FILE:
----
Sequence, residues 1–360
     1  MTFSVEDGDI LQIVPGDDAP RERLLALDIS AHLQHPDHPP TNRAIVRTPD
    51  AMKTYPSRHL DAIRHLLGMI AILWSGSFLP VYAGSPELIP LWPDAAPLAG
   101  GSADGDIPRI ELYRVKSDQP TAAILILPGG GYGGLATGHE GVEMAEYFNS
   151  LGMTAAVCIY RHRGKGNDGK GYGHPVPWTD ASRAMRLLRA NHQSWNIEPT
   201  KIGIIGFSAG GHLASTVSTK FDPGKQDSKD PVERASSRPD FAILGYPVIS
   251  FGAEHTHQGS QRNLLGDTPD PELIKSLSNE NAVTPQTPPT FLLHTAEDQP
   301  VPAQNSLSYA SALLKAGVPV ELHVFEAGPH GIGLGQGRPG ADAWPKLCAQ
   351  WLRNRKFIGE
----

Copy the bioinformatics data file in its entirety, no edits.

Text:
Sequence, residues 1–360
     1  MTFSVEDGDI LQIVPGDDAP RERLLALDIS AHLQHPDHPP TNRAIVRTPD
    51  AMKTYPSRHL DAIRHLLGMI AILWSGSFLP VYAGSPELIP LWPDAAPLAG
   101  GSADGDIPRI ELYRVKSDQP TAAILILPGG GYGGLATGHE GVEMAEYFNS
   151  LGMTAAVCIY RHRGKGNDGK GYGHPVPWTD ASRAMRLLRA NHQSWNIEPT
   201  KIGIIGFSAG GHLASTVSTK FDPGKQDSKD PVERASSRPD FAILGYPVIS
   251  FGAEHTHQGS QRNLLGDTPD PELIKSLSNE NAVTPQTPPT FLLHTAEDQP
   301  VPAQNSLSYA SALLKAGVPV ELHVFEAGPH GIGLGQGRPG ADAWPKLCAQ
   351  WLRNRKFIGE